The Big Garden Birdwatch is back this weekend, with thousands of people set to be watching and counting birds in their gardens across Wales.
But what is the Birdwatch, why is it the world's largest garden wildlife survey and how do you get involved? Here's all you need to know.
What is the Big Garden Birdwatch?
It is a survey that has been running for over four decades, during which the public are asked to watch and record all the types of birds visiting their garden for just one hour a day over the course of a weekend.
It has highlighted winners and losers in the garden bird world, giving the RSPB an insight into how our winged friends are faring.
The RSPB says last year, 53,000 people took part in the Big Garden Birdwatch and more than one million birds were counted over a three-day period.
The house sparrow retained its title as Wales’ most seen bird.
When is it happening?
The count begins from Friday 28th January - 30th January.
How can I get involved?
Watch the birds around you in your garden or local park for just one hour a day and keep count of how many land. Then, log the results of the highest number of each bird species you see at any one time – not the total you see in the hour - and send them onto the RSPB survey.
RSPB Cymru Director Alun Pritchard said: "By taking part in the Birdwatch, you are helping to build an annual snapshot of how our birdlife is doing across Wales. It is only by us understanding how our wildlife is faring that we can protect it."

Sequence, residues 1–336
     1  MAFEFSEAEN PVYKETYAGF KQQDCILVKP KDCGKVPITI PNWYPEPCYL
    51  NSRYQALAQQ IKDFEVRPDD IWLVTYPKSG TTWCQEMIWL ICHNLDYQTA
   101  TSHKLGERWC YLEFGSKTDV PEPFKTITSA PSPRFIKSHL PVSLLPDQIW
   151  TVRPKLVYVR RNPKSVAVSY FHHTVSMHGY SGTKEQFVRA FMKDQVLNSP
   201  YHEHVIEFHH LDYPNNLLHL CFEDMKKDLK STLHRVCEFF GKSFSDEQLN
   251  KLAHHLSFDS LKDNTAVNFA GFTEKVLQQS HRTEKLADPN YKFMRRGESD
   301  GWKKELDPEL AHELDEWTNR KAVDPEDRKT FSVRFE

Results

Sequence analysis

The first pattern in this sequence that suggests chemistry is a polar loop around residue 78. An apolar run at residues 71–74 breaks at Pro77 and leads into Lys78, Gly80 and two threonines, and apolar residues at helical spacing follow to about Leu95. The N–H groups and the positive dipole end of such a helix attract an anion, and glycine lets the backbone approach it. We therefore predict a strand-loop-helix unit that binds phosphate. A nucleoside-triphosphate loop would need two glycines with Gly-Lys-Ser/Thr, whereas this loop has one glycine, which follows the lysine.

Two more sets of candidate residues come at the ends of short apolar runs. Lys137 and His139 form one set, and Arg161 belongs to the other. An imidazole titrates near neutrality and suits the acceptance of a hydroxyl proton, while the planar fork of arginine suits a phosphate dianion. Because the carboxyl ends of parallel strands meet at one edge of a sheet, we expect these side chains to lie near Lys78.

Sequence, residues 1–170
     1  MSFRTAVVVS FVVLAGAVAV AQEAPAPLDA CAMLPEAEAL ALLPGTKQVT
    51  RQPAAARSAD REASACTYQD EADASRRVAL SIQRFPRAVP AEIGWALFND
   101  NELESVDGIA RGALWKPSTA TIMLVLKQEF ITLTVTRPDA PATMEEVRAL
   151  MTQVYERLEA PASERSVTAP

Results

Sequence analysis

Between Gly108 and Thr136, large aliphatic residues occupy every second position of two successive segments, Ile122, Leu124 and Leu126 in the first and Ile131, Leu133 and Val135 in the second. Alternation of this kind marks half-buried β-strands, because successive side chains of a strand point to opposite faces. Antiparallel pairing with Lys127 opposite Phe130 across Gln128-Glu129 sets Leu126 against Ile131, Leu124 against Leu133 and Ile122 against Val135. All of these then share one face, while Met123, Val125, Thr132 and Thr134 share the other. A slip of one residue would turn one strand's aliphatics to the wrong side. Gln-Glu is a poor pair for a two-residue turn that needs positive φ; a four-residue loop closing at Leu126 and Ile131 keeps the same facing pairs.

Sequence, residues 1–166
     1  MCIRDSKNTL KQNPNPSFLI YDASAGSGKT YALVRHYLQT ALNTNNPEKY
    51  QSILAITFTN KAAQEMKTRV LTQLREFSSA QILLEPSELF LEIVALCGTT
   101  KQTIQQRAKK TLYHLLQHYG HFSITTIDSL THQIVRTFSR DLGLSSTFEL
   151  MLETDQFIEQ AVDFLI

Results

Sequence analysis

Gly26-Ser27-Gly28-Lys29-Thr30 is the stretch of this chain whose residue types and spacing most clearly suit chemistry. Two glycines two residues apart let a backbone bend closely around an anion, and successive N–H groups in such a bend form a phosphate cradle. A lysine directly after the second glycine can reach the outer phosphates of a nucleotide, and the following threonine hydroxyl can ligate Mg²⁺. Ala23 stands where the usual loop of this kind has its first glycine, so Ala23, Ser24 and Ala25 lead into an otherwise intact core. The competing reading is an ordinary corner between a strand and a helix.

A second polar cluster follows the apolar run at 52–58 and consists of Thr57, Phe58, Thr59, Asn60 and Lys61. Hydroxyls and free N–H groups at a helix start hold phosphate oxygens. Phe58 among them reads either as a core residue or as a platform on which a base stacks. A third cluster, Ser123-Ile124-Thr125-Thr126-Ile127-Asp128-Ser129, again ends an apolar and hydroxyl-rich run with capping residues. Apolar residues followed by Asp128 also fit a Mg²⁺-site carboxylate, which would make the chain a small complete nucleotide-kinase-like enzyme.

How can I attract birds to my garden?
You can put out leftovers such as some bread, fruit cake, dried fruit, unsalted pastry, or fruit such as apples and pears. Don’t use anything mouldy or salty though, and if you have a dog don’t put out dried fruit – vine fruits such as raisins can be toxic to them.
Look for good quality bird food – those that don’t include ‘fillers’ such as dried peas and beans that birds rarely eat.
Blackbirds mostly feed on the ground and will eat a broad range of foods, from fatty nibbles to mealworms.
Finches, including chaffinches and green finches, use both a feeder and a bird table.
Blue tits and great tits use a feeder, eating seeds as well as suet and peanuts.